In previous years we have gone to Chapala where one street has been designated for public altars celebrating their family members. These are colorful and very personal. People sometimes serve food and drink. We didn't make it this year; Pixie had some kind of a bug and didn't feel well, so we stayed home and had a quiet evening. But here is a Picasa photo album of some of the altars in Chapala last night taken by my friend, Ron Mullenaux: https://picasaweb.google.com/
Halloween, which comes a couple of days before the Day of the Dead, is becoming a bigger holiday in Mexico. Children go, often in large groups, from house to house singing, "Quermos! Halloween!" which means literally... "We want! Halloween" It is their version of "trick or treat!" This year we were inundated with children and had to go buy additional candy. Here are some photos of the trick or treaters.
Pixie is still teaching a class for the same four children at the orphanage in Chapala. Like last year, she put on a Halloween celebration for them this year. They dressed in costumes, carved a pumpkin the week before, played games and ate candy. Pixie was dressed as a bruja (broo-ha) or witch, for the occasion. Here are some photos.
Guadalajara's Pan American Games ended last weekend, and from all reports it was a great success. A number of people we know traveled into Guadalajara for some events, and more saw the water skiing event here on Lake Chapala.
My friend Lew Crippen, who accompanied us to the baseball preliminary matches, called to tell me he was going to go up and try to score some tickets to the gold medal match last week and asked if I was game to go. It was another three hour ride, but how often would I get to see this? The semifinal games were Mexico-Canada vs. the US and Cuba. keep in mind, Cuba had won the Gold medal at the last ten Pan Am games, over forty years! But this year, the US beat Cub 12-10, and Canada beat Mexico 5-2, so the Gold Medal game was between the US and Canada. I was hoping for Mexico in the Gold Medal game, but we'd never be able to get tickets for that game, so I guess that was good for us. (Cuba beat Mexico 6-0 in the Bronze Medal game). We got to the game early and found a guy selling two tickets for $1300 pesos, a bit less that $100 US. But since the price of the sold-out tickets at the box office for this game was $800MX each, we grabbed them and had great seats. We enjoyed the friendly Mexican crowd and saw a fantastic game. We were about the only gringos at the game, although I saw a few Canadians waving a Canadian flag behind home plate. The game was a pitching duel, which Canada won 2-1. We stayed for the long-delayed medal ceremony. I am glad I got to see it. Here are some photos (The Canadians are in the dark jerseys).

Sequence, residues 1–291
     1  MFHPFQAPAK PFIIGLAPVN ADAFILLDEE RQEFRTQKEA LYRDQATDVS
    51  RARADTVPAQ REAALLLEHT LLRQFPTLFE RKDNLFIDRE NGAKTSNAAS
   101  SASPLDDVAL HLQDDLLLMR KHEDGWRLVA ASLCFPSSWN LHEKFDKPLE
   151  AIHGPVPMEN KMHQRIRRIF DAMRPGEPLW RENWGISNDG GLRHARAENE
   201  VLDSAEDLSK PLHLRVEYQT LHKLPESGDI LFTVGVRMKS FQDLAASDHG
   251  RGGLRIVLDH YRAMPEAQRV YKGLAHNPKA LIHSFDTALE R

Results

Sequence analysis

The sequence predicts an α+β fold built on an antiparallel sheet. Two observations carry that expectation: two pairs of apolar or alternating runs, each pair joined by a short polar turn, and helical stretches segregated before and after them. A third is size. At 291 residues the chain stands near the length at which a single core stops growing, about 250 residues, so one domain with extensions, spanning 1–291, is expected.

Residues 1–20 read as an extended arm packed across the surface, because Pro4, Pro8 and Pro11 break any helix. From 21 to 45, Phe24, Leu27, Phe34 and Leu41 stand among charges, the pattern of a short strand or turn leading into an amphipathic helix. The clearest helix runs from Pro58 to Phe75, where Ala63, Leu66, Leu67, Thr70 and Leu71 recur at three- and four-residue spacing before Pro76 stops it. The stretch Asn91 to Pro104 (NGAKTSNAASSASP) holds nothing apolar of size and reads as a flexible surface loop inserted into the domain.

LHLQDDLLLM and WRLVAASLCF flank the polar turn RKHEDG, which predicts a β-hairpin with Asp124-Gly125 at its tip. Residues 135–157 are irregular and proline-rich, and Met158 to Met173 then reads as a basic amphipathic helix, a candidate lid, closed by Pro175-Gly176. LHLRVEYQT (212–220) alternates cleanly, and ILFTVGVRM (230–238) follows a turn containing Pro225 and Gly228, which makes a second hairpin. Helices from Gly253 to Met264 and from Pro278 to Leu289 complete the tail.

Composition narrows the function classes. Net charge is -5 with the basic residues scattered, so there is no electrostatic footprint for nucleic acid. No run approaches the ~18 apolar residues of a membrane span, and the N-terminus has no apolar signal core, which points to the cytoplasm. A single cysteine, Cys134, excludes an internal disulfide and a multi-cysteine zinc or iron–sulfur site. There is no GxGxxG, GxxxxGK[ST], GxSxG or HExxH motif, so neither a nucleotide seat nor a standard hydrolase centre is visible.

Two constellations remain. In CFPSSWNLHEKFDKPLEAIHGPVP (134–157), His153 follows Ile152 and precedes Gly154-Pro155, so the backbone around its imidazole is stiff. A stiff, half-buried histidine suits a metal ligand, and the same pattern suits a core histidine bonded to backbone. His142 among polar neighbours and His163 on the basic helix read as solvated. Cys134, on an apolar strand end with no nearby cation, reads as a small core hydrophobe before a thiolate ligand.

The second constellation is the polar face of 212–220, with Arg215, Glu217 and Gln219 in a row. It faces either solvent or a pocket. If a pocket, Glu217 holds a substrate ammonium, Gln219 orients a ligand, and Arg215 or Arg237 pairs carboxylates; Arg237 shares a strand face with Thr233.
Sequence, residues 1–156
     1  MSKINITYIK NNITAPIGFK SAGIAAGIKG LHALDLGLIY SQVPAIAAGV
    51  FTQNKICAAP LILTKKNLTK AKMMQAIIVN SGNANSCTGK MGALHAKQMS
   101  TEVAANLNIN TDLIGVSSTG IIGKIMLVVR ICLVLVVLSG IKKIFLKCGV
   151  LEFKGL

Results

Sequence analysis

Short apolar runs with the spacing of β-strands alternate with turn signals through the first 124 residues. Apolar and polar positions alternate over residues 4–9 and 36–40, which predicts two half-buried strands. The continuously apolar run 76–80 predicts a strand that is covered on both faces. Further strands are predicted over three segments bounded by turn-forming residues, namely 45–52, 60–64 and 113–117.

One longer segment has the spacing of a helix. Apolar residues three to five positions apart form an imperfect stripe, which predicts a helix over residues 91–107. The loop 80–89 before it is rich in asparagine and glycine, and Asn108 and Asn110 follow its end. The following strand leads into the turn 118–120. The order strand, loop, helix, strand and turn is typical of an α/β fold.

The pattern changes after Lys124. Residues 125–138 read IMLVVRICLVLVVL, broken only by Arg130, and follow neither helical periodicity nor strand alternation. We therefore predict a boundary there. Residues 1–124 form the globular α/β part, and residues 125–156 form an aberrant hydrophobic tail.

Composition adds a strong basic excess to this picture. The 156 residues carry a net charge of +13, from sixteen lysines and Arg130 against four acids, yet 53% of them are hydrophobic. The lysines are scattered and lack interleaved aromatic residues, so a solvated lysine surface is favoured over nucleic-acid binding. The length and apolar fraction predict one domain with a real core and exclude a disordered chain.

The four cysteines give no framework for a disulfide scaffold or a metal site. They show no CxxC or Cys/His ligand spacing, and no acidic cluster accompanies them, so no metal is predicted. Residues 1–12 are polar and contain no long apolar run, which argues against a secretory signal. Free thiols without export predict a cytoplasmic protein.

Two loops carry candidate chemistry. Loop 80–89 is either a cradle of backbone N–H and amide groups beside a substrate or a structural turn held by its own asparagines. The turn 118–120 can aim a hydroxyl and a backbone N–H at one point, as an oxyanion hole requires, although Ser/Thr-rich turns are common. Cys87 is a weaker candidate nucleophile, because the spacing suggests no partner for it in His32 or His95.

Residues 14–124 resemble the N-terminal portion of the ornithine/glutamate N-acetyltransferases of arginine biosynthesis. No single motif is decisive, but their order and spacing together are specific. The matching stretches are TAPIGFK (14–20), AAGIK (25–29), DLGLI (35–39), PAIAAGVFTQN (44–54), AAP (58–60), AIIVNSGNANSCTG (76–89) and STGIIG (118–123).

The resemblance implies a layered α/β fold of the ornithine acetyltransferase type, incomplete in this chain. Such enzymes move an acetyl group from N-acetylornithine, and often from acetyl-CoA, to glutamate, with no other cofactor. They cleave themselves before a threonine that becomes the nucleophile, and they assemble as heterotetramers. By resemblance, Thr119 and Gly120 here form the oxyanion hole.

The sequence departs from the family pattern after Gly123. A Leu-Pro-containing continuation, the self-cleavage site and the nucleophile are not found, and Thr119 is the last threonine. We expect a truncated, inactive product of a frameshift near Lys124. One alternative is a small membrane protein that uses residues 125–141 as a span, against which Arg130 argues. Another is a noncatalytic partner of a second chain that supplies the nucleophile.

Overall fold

We got out of the game about 10:30 and wanted to get on the road for the drive home. Unfortunately, we had a flat tire. We had hit a piece of tire on the highway on the way up but didn't think it did any damage. We managed to get the tire off, but all we had for a spare was a donut tire which we could only drive 50 mph on. We were talking with the Mexican man at the gas station where we had stopped, and, unbelievably, he said there was a lantaria, or tire repair shop, open across the street. So I stayed behind and guarded his jacked up car, pictured here:
We got the car back together and hit the road about 11:15. We were a little worried because the tire guy told Lew he fixed the car "poco, not mucho." Well, we didn't really know what that meant, but it didn't sound very reassuring. Nevertheless, keeping an eye on the tire pressure, we made it home a bit after 2AM. Long night, but a fun adventure.
Next Tuesday, Pixie and I are going to the beach on the Pacific coast, Rincon de Guayabitos, for her birthday. Last year we went to Manzanillo instead, but we were disappointed with it, so this year it's back to our favorite beach town. I'll post some photos when we return after the 13th.
Finally, here's an article our Canadian friend, Pat, shared with us about the "Canadian enclave" Ajijic:
Back to Peaceful Canadian port thrives amid a Mexican drug war
Peaceful Canadian port thrives amid a Mexican drug war
October 24, 2011
AJIJIC, MEXICO — Every inch of Julianne and Chisholm Lyons’ two-storey Mexican casa is adorned with mementos from their exotic travels. An antique door from Indonesia. Colourful photos of Thailand. Artwork from China. But tucked away in a little corner of their dining room is a keepsake from Canada: a framed photo of their old Burlington home, buried one foot in snow.
“Just a little reminder that we live in paradise,” said 80-year-old Julianne, a former Etobicoke city councillor. “Not that we would forget it.”
“Paradise” is not a word used by too many to describe Mexico these days, not with more than 40,000 deaths attributed to the country’s drug wars over the last five years. A couple of fatal shootings linked to organized crime happened just a few weeks ago in this otherwise charming lakeside village about an hour outside of Guadalajara on Lake Chapala.